Volcanic Ash from Mt. Agung disrupts flights in Indonesia

Indonesia’s Mt. Agung is spewing ash into the sky as the volcano erupts, causing significant disruptions to flights in the region. Lombok Airport is closed at least overnight and significant delays and cancellations are affecting flights in Denpasar. Travelers in the area should monitor flight status and remain in contact with their airline, of course.

But it turns out that just listening to the airline might not be enough.

Virgin Australia, JetStar, Garuda, Qantas and KLM all canceled or delayed flights to some of the airports in the area as Indonesia’s Volcano Observatory Notice for Aviation (VONA) raised its alert level to RED, the highest warning. VONA reports the ash cloud reaching nearly 20,000 feet high and expects eruptions to continue for the near future.

Indonesia's Volcano Observatory raised the alert level to RED for Mt. Agung due to ash cloud
Indonesia’s Volcano Observatory raised the alert level to RED for Mt. Agung due to ash cloud

One of the more severely impacted airlines in the region is AirAsia. No surprise there as the carrier operates a ton of flights in the region with thousands of passengers impacts so far and many more to come. What was surprising, however, was the message the company shared online Sunday morning local time with details of cancellations and customer options.

In that message the company explicitly states that passengers are “entitled to pick one of the following service recovery options being offered” including a date change of up to 30 days or a credit for future AirAsia travel valid up to 90 days. Missing from the list of options is an offer of refund for the fare paid on cancelled flights. Which is strange. The company is not delivering the service – admittedly through no fault of its own – and yet is still keeping the passengers’ money.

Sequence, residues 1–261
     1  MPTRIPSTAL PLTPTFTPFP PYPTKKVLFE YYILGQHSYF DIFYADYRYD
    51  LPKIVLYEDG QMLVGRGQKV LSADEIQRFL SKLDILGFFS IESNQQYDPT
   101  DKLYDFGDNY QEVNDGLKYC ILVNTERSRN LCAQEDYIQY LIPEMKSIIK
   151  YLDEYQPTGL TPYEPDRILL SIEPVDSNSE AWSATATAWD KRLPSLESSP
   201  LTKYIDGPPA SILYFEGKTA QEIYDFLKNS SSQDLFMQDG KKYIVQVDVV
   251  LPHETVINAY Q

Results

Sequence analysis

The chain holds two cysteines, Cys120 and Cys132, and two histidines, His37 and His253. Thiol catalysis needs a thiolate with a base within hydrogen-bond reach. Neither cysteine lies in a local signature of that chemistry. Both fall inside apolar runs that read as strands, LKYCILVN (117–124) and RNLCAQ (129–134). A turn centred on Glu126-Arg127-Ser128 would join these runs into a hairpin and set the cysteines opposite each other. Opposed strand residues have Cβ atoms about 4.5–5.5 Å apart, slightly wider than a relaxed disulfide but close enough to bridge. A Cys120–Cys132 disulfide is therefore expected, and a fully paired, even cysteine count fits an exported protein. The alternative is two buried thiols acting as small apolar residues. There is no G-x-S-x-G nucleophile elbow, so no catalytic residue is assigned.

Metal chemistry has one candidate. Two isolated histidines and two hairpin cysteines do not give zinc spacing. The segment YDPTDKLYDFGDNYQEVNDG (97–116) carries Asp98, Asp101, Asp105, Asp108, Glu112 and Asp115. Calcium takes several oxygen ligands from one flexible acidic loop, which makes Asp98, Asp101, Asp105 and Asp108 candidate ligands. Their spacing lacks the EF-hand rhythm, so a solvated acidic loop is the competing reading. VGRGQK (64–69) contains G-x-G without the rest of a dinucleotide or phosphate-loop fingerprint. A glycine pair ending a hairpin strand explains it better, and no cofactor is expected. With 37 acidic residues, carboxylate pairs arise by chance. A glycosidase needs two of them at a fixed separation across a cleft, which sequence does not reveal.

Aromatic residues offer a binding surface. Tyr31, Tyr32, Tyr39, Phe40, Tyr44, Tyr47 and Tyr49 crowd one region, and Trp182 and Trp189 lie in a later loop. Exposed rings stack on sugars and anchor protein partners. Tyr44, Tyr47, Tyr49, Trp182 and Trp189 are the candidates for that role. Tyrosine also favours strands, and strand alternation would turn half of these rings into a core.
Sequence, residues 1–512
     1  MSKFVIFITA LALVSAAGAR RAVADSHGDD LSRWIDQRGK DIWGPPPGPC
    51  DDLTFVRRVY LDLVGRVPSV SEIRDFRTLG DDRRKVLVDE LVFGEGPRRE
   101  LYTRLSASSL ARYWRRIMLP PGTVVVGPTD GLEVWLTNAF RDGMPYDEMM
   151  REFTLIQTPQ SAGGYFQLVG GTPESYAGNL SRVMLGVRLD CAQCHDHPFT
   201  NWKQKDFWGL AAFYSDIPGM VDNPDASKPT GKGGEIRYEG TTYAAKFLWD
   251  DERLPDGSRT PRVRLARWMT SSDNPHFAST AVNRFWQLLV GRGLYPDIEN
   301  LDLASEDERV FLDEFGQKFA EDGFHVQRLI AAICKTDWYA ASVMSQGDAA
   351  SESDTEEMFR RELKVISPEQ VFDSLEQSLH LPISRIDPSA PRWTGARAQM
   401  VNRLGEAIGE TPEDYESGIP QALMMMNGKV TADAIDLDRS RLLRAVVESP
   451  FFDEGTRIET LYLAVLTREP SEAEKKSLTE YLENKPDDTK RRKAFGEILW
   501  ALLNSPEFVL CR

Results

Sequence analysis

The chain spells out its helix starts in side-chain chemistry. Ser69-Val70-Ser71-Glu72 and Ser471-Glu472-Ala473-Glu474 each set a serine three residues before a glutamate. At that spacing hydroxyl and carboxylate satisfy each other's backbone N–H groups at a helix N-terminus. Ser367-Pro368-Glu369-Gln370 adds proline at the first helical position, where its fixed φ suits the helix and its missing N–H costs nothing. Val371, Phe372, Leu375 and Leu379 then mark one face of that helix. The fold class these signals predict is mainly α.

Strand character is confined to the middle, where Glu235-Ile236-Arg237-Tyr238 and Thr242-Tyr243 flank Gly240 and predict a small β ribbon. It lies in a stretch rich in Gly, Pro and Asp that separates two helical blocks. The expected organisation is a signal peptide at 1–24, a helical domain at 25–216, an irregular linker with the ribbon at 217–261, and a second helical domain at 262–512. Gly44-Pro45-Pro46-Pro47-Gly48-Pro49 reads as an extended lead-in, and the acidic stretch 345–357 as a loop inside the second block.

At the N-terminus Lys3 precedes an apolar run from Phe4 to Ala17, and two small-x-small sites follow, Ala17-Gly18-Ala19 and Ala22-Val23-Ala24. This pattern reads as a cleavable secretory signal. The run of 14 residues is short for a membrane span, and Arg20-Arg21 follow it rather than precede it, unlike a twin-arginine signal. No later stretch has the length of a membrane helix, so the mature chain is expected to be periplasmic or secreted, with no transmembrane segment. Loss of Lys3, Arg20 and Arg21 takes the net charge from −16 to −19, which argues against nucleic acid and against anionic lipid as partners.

Even more bizarre to me is that:

1) Some people seem to think this is okay; and,


2) The AirAsia Contract of Carriage specifically calls out offering a refund as a valid option for passengers to choose. Read section 9.2(c) for full details there.

I get why the carrier doesn’t want to give passengers their money back. It is an expensive proposition and comes on top of the other costs related to cancelling the flights. But choosing to not refund costs after not delivering the goods or services paid for – ESPECIALLY when your contract clearly spells out that a refund is one of the options – is sketchy.

It also makes me wonder about plans for AirAsia X – the long-haul operation – to fly into Europe. EU261 regulations are far more strict about this sort of thing and the obligations more significant.

Oh, and for those on the other side of the world, Iceland’s volcanoes don’t want to be left out of the party these days either.

Never miss another post: Sign up for email alerts and get only the content you want direct to your inbox.

Seth Miller

I'm Seth, also known as the Wandering Aramean. I was bit by the travel bug 30 years ago and there's no sign of a cure. I fly ~200,000 miles annually; these are my stories. You can connect with me on Twitter, Facebook, and LinkedIn.